Bloch wrote a column "Net Works" for [[Factsheet Five]] from the late 1980s under [[Mike Gunderloy]] until 1992 and reviewed mail art for the only edition of that zine of zines published by [[Hudson Luce]]- Issue #45 in 1991. Bloch also has a video program on Manhattan Neighborhood Network called Panscan TV which he considers a [[videozine]].
Bloch wrote a column "Net Works" for [[Factsheet Five]] from the late 1980s under [[Mike Gunderloy]] until 1992 and reviewed mail art for the only edition of that zine of zines published by [[Hudson Luce]]- Issue #45 in 1991. Bloch also has a video program on Manhattan Neighborhood Network called Panscan TV which he considers a [[videozine]].
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[[Category:Zine]] [[Category: 1970's publications]] [[Category:1980's publications]][[Category:Punk]]
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[[Category:Zine]] [[Category:Zines from the U.S.A.]] [[Category: 1970's publications]] [[Category:1980's publications]] [[Category:Art Zines]] [[Category:Mail Art]]

Current revision

Panmag is a zine from New York, New York, U.S.A.

Mail artist and Ohio native Mark Bloch, first created the xeroxed zine Panmag in 1979 when he was living in Orange County, California with the first issue Number 391, a tribute to Francis Picabia's zine of that name, 391. Bloch's next issue was Number 451, published in conjunction with an art performance at a bookstore in Laguna Beach called Farenheit 451. Issue Number 452 followed with most of the same material. Panmag then appeared with an issue Number 2 published in conjunction with another art performance-- this time at Saddleback Community College in Mission Viejo in which Bloch dressed up as Guglielmo Achille Cavellini the legendary mail artist and the master of self-historification. Bloch gave a lecture on mail art with Barry Berg of San Clemente who contributed vintage mail art material for this new edition of Bloch's zine which was distributed to the attendees.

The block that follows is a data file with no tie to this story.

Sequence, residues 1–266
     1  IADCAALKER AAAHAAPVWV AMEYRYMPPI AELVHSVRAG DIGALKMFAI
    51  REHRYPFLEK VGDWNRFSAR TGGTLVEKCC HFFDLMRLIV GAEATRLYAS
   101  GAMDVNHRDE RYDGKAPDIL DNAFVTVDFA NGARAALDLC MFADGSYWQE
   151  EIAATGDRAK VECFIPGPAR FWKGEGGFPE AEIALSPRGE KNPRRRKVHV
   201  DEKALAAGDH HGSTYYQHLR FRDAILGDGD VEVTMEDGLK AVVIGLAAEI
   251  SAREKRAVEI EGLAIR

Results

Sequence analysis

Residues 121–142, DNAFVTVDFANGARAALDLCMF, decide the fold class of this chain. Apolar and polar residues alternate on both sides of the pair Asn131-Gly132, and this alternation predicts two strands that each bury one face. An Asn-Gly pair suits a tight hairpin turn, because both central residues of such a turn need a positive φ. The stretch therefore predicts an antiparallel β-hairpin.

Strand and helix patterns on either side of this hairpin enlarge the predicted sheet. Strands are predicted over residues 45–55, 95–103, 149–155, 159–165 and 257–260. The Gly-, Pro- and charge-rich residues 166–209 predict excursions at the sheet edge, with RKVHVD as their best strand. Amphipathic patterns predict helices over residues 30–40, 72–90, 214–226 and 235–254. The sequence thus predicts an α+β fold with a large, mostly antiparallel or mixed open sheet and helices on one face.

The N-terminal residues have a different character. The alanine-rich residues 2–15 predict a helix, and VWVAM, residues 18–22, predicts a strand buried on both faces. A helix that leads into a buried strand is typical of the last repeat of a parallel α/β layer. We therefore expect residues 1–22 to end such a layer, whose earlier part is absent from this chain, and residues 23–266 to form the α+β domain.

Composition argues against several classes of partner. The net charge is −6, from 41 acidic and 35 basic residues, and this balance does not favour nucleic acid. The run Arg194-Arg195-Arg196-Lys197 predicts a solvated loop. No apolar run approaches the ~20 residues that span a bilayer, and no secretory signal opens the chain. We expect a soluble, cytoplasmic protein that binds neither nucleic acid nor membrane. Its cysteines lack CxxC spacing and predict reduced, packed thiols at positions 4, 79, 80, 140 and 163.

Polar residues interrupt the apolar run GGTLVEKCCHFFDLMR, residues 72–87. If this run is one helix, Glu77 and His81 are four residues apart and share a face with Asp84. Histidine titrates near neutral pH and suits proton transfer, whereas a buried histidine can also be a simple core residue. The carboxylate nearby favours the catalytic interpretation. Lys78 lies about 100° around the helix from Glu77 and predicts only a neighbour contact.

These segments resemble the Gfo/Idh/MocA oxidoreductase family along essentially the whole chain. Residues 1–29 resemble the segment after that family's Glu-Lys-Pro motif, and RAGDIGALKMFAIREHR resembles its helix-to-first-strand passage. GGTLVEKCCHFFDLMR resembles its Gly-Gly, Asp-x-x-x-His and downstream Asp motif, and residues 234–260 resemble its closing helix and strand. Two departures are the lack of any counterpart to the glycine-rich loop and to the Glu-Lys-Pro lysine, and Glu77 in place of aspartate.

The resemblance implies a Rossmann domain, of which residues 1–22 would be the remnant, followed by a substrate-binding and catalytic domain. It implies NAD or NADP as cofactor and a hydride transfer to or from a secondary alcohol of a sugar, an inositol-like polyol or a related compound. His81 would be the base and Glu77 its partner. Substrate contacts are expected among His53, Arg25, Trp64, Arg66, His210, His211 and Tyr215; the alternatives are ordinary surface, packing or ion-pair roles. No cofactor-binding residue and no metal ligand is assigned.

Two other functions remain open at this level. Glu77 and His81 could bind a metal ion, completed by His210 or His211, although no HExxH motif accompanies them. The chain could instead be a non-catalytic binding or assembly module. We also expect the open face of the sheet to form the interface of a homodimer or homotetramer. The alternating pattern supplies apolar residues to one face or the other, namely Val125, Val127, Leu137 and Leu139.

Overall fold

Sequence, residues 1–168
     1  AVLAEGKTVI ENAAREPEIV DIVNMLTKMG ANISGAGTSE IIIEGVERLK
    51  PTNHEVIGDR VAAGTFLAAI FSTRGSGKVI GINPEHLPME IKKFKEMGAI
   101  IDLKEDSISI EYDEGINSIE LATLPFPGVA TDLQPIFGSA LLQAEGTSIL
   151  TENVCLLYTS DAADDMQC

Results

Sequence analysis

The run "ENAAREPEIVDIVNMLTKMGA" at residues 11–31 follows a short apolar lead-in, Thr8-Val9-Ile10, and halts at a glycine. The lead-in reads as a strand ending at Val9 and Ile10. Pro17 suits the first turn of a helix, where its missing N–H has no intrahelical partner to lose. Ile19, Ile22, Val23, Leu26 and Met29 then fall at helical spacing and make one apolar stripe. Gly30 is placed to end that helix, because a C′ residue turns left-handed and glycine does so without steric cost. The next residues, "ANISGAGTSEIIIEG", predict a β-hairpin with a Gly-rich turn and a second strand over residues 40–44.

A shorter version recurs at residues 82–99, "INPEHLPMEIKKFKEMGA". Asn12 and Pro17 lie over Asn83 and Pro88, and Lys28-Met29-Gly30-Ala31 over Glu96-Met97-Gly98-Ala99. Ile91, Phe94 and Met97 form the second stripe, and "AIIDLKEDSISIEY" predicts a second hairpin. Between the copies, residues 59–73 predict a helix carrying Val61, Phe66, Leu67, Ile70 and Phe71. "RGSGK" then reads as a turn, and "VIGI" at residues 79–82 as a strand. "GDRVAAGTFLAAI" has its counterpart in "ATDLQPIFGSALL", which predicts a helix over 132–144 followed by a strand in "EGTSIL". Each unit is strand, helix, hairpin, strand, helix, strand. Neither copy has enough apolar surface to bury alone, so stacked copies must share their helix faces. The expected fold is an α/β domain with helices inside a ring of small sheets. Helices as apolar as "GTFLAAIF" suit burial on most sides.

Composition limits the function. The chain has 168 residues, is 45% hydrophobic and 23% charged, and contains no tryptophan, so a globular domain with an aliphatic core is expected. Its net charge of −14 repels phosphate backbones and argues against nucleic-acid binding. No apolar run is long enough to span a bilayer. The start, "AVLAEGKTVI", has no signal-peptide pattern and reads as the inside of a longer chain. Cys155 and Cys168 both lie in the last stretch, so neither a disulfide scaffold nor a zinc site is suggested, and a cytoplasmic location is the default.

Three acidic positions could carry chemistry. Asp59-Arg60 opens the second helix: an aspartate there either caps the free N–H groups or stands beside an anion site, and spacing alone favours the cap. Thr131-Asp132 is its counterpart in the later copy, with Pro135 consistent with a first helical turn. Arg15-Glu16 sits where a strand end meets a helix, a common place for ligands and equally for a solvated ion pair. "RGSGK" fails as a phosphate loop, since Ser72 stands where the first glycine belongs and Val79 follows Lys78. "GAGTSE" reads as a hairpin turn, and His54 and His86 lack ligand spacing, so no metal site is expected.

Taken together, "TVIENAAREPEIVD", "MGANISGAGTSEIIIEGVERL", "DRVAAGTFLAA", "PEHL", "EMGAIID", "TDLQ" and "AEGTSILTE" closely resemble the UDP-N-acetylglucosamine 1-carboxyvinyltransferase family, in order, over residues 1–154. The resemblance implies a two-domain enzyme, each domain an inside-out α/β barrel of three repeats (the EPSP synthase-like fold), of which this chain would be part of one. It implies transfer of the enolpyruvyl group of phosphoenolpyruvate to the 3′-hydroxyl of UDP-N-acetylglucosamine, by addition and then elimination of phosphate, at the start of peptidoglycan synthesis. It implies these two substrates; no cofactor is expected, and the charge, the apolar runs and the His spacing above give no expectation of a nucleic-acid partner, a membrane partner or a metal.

From there, Panmag went on to become one of the more well-known mail art zines, in spite of its sporadic publishing record and constantly varying format. Bloch started the number sequencing over with Issue 1, an 8 1/2 by 14 inch twice-folded issue about the Last Mail Art Show when he moved to the Lower East Side of Manhattan in 1982. Panmag continues to be published today, some 39 years later-- both online and on hard copy in both open and limited edition formats. Recently Bloch released number 57 as part of his website Panmodern.com. Most issues of Panmag deal with the mail art scene but Bloch was also involved with early experiments in cyber-space, video and off-beat music which are covered in some issues.

Bloch wrote a column "Net Works" for Factsheet Five from the late 1980s under Mike Gunderloy until 1992 and reviewed mail art for the only edition of that zine of zines published by Hudson Luce- Issue #45 in 1991. Bloch also has a video program on Manhattan Neighborhood Network called Panscan TV which he considers a videozine.